I tried once more.
I thought ample coffee, my go-to sweatpants, and a relaxing Sunday morning would make the difference. They didn't. My mind simply refused to engage with the job descriptions posted to my alma mater's job board. It kept zoning out and going over the same sentences, struggling to imagine anything beyond the text on my screen. This was strange behavior for my mind because it loves imagining various work scenarios.
My mind flitted through such scenarios with ease, simulating how I would act and feel in each case. In fact, an interesting Harvard study using an iPhone app reports that we spend half our waking lives in these daydreams—they're the brain's natural state. But scrolling through this job board was anything but easy and natural. My neurons were going on strike and taking their serotonin with them, and with each job post, I felt a bit sadder. Maybe work was work, and thinking it could be exciting or inspiring was just chasing a daydream.
Nope. I couldn't accept that.
I closed my laptop to escape from the tedious lists of responsibilities and requirements. Then, like any sensible person, I quit my job, drained my savings, and began a crusade to fix the broken job-search process. Now, two years later, I'm tackling these job board gremlins in my first blog post.
So why are job descriptions so terrible? I started with two hypotheses.
H1: Job descriptions are so packed with jargon and buzzwords that they don't say anything.
The first job description I clicked on (scout's honor) during my investigation into this hypothesis opened with this line:
Strategists will be wholly responsible for discrete Strategy tasks and deliverables on cross-functional project teams, business development initiatives, and retainer accounts. (My translation: You will work alone and in a team. You will work on projects for current clients and help us get new clients.)
H2: The hiring manager's idea of a "qualified" candidate is absurd and demoralizing.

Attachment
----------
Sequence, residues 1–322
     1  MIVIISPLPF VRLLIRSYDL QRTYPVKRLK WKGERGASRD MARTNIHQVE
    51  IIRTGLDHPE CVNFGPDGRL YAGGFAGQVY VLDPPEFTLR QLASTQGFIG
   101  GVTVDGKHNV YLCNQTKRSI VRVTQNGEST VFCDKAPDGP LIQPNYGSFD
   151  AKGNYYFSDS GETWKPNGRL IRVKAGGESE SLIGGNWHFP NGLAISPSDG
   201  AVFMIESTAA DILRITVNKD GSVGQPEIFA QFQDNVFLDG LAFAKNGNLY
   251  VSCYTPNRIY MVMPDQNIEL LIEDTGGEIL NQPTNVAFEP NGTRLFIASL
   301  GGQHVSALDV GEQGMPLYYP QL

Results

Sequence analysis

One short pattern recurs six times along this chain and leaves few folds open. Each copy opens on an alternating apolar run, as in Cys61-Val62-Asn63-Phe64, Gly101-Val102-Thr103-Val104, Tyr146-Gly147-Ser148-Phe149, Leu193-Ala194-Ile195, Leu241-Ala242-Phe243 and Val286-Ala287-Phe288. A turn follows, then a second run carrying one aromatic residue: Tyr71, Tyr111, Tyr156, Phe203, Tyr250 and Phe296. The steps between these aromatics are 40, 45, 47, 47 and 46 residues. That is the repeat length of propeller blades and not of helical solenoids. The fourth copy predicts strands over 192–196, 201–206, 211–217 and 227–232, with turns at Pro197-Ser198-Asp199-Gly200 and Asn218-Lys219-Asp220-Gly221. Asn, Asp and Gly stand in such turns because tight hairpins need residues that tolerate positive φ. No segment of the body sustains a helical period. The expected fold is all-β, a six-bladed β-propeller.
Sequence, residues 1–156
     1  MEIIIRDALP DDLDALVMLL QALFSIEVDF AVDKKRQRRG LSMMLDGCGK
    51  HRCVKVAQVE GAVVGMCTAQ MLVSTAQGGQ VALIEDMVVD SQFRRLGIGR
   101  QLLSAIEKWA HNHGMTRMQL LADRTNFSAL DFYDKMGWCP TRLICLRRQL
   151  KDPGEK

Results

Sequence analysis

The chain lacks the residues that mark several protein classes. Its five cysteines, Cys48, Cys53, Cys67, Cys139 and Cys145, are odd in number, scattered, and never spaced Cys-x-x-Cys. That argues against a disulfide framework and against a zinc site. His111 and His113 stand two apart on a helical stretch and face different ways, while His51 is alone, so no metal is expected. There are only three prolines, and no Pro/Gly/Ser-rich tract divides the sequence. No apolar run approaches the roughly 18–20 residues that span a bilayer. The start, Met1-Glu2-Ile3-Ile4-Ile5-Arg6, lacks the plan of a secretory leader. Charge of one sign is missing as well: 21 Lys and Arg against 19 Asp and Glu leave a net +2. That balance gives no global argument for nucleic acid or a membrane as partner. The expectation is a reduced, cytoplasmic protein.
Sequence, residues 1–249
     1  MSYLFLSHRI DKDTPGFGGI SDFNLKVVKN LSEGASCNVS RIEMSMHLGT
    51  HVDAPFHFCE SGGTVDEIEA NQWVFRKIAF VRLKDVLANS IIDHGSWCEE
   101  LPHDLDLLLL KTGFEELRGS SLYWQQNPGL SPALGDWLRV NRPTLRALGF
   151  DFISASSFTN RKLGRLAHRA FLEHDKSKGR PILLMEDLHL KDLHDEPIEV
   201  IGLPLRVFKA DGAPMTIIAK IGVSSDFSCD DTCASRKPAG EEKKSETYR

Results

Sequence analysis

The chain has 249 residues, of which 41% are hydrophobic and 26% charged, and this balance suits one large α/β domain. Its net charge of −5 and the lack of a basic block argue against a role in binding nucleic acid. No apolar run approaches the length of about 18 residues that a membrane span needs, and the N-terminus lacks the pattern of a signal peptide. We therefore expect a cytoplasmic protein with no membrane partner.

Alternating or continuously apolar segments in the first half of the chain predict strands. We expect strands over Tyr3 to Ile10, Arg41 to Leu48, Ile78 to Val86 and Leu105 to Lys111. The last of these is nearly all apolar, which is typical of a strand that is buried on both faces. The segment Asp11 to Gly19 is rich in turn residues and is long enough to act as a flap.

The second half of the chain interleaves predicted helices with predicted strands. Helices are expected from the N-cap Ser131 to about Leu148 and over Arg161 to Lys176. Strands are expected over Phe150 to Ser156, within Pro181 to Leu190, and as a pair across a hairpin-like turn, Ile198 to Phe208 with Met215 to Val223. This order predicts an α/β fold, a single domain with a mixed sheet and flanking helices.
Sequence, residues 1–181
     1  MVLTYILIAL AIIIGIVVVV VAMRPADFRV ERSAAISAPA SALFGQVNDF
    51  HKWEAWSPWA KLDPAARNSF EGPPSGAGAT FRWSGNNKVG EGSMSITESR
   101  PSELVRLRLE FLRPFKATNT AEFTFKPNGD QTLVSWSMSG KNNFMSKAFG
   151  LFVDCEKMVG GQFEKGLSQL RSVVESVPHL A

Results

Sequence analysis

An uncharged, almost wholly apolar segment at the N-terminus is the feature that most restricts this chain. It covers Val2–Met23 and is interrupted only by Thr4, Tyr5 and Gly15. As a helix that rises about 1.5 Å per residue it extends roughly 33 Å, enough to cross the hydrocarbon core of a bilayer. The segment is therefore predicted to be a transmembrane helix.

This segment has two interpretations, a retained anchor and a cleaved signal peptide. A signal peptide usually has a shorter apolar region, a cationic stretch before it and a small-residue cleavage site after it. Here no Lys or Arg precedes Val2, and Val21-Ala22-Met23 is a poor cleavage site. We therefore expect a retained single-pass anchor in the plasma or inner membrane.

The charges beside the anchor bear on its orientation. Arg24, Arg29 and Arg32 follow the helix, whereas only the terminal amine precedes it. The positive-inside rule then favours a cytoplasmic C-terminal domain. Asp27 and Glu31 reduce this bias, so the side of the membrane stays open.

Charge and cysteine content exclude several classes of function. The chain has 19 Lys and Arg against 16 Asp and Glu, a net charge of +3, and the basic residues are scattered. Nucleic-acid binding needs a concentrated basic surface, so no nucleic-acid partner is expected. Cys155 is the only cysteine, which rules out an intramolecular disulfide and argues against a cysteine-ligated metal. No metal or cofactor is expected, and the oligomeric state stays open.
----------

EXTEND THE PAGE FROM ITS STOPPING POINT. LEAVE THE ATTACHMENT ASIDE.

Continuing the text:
I will dive deeper into both of these hypotheses in later posts. But the more important question to me was, "Why?" Why did people create such off-putting job descriptions?
So I ran an experiment and asked various friends to do two things. First, I asked them to explain to me what they did in their jobs. Everyone told me interesting, easy to understand stories. Next, I asked how they would write their responsibilities in a job description if they had to hire someone for their position. Cue trains going off tracks. Everyone struggled. Suddenly buzzwords and convoluted sentence structures took over. I had to stop many of them halfway through the first sentence because I truly felt bad for them (and I had no idea what they were saying).
And it hit me. People were architecting lists instead of telling stories.
For tens of thousands of years, people have been telling stories to each other. When people hear "stories," they think about Peter Pan or their grandpa's reminiscing. But many researchers in Cognitive Neuroscience and Cognitive Psychology have devoted their careers to stories. They argue that human cognition, our very ability to think and process information, depends on stories.
We understand the world in terms of space, time, and causality. Harvard professor and experimental psychologist, Steven Pinker, explores these essential elements in How the Mind Negotiates Reality:
People assume that the world has a causal texture—that its events can be explained by the world’s very nature, rather than being just one damn thing after another. They also assume that things are laid out in space and time. ‘Time is nature’s way to keep everything from happening at once,’ according to a graffito, and 'Space is nature's way to keep everything from happening to me.'
Stories include these three essential elements. I opened this blog post with a story. It took place roughly two years ago (time); I was sitting next to my computer and coffee (space); lame job descriptions caused me to get upset (causality). It is not a happy coincidence that our brains need space, time, and causality to think and that stories just happen to have these three things. No, the structure of stories and human cognition evolved together.